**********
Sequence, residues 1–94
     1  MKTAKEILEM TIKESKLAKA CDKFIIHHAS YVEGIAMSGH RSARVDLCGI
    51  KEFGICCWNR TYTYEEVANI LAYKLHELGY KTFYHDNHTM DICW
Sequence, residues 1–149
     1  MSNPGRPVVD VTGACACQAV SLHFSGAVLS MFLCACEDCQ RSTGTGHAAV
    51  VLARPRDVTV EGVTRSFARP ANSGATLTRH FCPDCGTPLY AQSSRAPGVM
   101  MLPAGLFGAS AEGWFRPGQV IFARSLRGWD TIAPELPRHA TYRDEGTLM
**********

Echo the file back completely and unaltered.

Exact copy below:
Sequence, residues 1–94
     1  MKTAKEILEM TIKESKLAKA CDKFIIHHAS YVEGIAMSGH RSARVDLCGI
    51  KEFGICCWNR TYTYEEVANI LAYKLHELGY KTFYHDNHTM DICW
Sequence, residues 1–149
     1  MSNPGRPVVD VTGACACQAV SLHFSGAVLS MFLCACEDCQ RSTGTGHAAV
    51  VLARPRDVTV EGVTRSFARP ANSGATLTRH FCPDCGTPLY AQSSRAPGVM
   101  MLPAGLFGAS AEGWFRPGQV IFARSLRGWD TIAPELPRHA TYRDEGTLM